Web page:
-- Posted by lastsonofoa on Tue, Apr 10, 2012, at 2:54 PM

I respectfully disagree lastsonofoa. The Civil Rights Act of 1964 forbade discrimination on the basis of race, color, religion, gender or national origin. It is not a violation of the Civil Rights Act of 1964 to ask a potential candidate if he/she intends to relocate into the district. Whether or not this has bearing on his/her ability to perform necessary job functions is up to the hiring board to decide and ultimately act upon.

-- Posted by Comanche Alum on Tue, Apr 10, 2012, at 4:33 PM

I think you are right about the Civil Rights Act, but the hiring board ddoesn't get the ability to decide if location has any bearing on the situation, because to do so is actually discrimination. The minute they base any of their decisions on the fact that the candidate might not live within the district, they have discriminated against them. http://www.hrworld.com/features/30-inter...

Bottom of the page....."you can't choose candidates based on location". This isn't a "you shouldn't thing"...it's a "you can't" thing. If you want to even get more technical, they have the "right" to ask those questions, but what they DON'T have is the ability to base any decision they make on those findings, because again....it becomes discrimination.

-- Posted by lastsonofoa on Tue, Apr 10, 2012, at 9:51 PM

As a taxpayer funded operation, however, I think like a police officer, for example, they actually could ask that the principals and superintendents do live in the district they would lead, and barring some specific reason to do otherwise, should send any children they have to that district. They maybe would ask this of the two finalist candidates and not in a first interview, however, and need not actually ask about the children, as that could bring up single or married status or other protected issues.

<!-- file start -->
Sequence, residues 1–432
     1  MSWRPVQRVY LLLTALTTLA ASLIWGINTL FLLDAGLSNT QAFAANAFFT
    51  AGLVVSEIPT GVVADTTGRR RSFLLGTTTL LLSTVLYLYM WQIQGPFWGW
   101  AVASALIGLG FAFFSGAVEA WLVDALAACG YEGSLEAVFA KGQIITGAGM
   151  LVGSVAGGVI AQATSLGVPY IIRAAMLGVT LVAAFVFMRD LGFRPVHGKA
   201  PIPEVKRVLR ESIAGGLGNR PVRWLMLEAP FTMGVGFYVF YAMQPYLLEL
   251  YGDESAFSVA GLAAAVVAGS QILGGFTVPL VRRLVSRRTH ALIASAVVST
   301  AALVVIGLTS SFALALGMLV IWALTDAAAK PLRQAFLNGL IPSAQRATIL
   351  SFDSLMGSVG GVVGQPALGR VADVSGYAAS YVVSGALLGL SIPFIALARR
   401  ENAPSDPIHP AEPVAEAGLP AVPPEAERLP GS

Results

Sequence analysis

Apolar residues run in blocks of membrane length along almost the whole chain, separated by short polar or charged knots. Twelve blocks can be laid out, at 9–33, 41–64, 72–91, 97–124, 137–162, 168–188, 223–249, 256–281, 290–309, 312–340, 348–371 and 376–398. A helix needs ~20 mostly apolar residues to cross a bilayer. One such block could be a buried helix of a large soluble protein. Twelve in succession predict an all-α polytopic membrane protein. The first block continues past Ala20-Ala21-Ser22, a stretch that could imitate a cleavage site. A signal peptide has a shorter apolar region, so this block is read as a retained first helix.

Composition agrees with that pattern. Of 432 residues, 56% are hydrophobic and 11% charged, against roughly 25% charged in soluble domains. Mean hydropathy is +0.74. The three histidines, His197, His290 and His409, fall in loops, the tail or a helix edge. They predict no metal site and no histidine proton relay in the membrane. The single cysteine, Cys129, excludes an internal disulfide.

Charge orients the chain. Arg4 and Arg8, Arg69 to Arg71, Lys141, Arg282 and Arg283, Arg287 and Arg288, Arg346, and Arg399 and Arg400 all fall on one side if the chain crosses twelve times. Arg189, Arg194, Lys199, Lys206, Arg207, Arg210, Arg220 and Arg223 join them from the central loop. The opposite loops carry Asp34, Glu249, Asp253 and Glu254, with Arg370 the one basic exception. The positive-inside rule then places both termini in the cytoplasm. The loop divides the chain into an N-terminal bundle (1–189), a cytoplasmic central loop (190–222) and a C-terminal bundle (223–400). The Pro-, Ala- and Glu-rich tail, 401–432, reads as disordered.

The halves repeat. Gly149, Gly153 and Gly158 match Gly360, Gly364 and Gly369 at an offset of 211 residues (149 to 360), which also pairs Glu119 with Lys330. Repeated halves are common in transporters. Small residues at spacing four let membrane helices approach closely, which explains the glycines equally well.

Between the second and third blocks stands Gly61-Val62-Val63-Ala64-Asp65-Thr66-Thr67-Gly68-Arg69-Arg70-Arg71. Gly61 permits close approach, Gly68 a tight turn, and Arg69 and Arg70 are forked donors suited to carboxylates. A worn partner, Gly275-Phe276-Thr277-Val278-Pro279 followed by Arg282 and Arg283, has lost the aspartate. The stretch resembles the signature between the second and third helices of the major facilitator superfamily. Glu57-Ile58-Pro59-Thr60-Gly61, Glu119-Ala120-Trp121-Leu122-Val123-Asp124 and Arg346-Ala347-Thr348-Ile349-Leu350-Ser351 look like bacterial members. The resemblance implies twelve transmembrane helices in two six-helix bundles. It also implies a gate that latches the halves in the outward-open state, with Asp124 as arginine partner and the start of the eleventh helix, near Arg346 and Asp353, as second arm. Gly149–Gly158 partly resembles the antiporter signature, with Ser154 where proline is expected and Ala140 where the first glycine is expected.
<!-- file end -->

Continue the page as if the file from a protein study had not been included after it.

-- Posted by AmyPeterson on Wed, Apr 11, 2012, at 1:07 PM

People, you are worried about the small stuff, such as where they live and communication skills. What you should be concerned about what type of budget and finance experience does the candidate possess? In particular what type of experience do they have when dealing with a financially strapped school district with declining enrollment! Those are the questions the school board, faculty, staff, and community needs to focus on during the interview process. Because if the new person doesn't have that skill set, you can say good-bye to your beloved CC-E school.

-- Posted by LivinginIA on Thu, Apr 12, 2012, at 1:29 PM

LivinginIA hit it right on the head expressing exactly what the school needs in the supt they hire. Who cares where they live . It is the skill set they bring to the job that count and LivinginIA expressed that very well.

-- Posted by cow man on Thu, Apr 12, 2012, at 8:40 PM